Monastic Life

Western Michigan University has a longstanding interest in medieval monasticism, as epitomized by its Center for Cistercian and Monastic Studies.

Introduction

An image of an arched doorway, taken from a dark room, showing a brighter exterior of arched columns. This series follows the Center’s interest in monastic movements amid broader religious traditions. It explores the everyday life of monastic individuals and the collective experience of religious communities, and the nature of asceticism and monasticism, as well as monastic institutions, patronage or property. The series also welcomes research on both Western and Eastern Christian communities along with non-Christian religious traditions during the period 500–1500 CE.

See forthcoming titles in this series.

Publications

Cover image of The Cistercian Monastery of Zaraka, Greece: An image of a ruined monastery in the midground, a hazy mountain in the background, and a herd of sheep in the foreground surrounded by a tan border.The Cistercian Monastery of Zaraka, Greece

Edited by Sheila Campbell

An archaeological study of the monastery of Zaraka in Greece, built and developed by Cistercian monks for forty years during the Frankish Crusader period.

ISBN 978-1-58044-244-2 (clothbound) © 2018

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Cover image of Catalogue of the Manuscripts in the Dom Edmond Obrecht Collection of Gethsemani AbbeyCatalogue of the Manuscripts in the Dom Edmond Obrecht Collection of Gethsemani Abbey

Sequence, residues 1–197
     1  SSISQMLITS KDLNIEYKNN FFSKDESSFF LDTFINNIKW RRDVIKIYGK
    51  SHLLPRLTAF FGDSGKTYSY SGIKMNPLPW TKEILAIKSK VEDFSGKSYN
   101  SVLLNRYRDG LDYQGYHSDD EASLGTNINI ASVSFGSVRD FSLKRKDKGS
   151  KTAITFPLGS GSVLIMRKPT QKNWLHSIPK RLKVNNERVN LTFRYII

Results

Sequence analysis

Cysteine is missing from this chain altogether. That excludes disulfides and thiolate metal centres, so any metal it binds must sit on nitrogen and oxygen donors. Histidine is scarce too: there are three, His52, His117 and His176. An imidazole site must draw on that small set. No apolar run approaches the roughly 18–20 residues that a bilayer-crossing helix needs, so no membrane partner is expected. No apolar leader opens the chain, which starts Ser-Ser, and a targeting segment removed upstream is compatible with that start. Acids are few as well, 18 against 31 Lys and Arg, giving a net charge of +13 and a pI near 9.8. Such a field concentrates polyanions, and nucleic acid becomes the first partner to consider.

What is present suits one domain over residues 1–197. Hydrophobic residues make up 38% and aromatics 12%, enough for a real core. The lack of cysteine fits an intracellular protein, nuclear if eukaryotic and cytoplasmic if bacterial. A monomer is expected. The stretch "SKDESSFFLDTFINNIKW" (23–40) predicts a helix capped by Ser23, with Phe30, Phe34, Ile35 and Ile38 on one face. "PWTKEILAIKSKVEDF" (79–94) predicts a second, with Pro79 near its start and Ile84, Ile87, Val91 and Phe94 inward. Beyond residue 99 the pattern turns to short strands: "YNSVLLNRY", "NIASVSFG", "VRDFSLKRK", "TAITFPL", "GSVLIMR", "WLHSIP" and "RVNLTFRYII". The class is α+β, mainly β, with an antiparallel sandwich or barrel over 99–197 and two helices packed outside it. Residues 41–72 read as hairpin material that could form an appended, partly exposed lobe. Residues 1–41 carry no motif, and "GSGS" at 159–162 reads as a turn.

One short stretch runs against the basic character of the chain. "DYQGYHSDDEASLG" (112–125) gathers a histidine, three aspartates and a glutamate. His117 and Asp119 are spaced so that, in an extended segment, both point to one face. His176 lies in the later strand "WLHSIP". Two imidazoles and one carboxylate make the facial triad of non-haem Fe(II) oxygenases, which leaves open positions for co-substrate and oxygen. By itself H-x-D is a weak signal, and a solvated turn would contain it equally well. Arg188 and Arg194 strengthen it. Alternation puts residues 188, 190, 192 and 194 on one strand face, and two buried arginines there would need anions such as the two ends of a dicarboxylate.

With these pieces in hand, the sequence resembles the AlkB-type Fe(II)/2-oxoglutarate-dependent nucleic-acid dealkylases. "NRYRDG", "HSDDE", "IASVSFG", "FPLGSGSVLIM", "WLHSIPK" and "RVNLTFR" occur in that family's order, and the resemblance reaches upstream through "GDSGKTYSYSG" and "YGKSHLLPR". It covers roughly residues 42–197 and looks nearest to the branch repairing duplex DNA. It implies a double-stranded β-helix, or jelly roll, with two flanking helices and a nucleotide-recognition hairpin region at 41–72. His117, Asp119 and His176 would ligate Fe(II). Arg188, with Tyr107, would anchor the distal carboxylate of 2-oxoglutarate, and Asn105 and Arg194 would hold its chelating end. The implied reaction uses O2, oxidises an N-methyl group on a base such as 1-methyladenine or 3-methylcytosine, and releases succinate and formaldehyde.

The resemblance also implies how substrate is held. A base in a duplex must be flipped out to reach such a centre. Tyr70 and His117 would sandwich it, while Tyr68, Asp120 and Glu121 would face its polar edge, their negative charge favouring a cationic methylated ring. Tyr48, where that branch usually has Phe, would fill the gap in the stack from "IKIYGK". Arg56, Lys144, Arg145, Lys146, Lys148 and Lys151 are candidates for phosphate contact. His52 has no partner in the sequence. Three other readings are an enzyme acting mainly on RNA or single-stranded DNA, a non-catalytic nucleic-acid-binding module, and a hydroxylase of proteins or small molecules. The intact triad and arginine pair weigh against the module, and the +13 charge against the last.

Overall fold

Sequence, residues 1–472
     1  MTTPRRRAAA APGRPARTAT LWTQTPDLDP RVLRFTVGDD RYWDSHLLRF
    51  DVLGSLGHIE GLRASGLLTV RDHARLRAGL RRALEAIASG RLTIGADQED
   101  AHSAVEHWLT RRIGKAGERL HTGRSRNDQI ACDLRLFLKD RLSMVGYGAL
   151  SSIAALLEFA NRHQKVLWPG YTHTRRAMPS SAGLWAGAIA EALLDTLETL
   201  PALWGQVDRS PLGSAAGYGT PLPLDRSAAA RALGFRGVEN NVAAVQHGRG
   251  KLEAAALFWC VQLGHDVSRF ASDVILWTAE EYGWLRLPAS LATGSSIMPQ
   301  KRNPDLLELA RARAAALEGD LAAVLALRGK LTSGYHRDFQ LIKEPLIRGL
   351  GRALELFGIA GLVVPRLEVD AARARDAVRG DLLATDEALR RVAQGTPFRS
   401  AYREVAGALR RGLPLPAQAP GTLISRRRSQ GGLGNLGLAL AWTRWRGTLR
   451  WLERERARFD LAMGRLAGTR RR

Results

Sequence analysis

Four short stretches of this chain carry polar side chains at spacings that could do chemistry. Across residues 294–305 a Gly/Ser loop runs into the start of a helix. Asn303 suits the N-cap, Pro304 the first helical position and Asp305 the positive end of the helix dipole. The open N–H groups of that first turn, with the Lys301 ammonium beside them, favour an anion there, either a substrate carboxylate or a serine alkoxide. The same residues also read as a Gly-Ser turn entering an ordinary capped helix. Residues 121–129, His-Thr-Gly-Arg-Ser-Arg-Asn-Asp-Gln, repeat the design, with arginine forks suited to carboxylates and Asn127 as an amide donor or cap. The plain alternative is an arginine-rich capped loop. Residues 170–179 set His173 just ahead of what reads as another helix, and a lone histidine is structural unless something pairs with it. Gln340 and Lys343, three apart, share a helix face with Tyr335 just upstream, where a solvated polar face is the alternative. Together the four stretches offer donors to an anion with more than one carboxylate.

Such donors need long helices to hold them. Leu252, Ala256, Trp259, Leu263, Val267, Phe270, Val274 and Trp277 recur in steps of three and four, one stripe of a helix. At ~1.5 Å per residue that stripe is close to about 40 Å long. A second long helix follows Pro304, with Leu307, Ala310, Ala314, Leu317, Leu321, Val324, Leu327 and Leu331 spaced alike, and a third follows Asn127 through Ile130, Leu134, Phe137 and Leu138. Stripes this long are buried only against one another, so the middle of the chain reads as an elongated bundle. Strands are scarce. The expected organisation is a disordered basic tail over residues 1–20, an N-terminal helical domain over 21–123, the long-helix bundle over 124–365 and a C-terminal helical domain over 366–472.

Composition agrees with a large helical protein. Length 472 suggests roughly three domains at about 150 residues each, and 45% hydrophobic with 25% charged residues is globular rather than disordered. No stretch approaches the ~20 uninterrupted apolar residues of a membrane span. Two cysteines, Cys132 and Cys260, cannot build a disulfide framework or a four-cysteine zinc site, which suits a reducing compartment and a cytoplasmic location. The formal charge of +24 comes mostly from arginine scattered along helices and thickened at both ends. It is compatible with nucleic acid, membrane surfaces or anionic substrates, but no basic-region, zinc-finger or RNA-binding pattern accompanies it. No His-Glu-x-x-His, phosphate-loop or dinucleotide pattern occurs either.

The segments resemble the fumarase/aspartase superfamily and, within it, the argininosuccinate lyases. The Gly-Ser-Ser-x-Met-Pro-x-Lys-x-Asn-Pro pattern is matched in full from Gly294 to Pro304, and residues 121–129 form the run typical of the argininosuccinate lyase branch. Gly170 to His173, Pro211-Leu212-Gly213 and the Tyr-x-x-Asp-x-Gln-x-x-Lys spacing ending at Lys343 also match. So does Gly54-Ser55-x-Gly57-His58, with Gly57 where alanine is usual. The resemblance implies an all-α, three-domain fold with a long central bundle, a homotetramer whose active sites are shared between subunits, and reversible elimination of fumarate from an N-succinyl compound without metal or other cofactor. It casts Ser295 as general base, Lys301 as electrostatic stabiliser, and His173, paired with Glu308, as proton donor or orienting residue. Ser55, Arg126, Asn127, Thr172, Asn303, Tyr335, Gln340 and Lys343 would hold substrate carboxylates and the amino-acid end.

Edited by Susan M. B. Steuer and E. Rozanne Elder

This catalogue describes an American manuscript collection owned by the Trappist abbey of Our Lady of Gethsemani in Kentucky (the house of Thomas Merton) the eclectic collection includes medieval manuscripts as well as materials of interest for the study of the French Revolution.

ISBN 978-1-58044-222-0 (clothbound) © 2016

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forthcoming in this series

Female Italian Saints, 1200-1400: Pious Practice, Identity, Fellowship

By Andrea Rebecca Boffa

Using the vitae of thirty women deemed holy by their contemporary communities, this book analyzes the spiritual landscape these women inhabited, and how they circulated through religious and lay environments. The thirteenth and fourteenth centuries marked a period of proliferation of Italian female saints, and their vitae present a wide variety of religious practice and experiences. This book aims to track the function and structure of lay women’s experiences, challenges, and opportunities within urban Italy.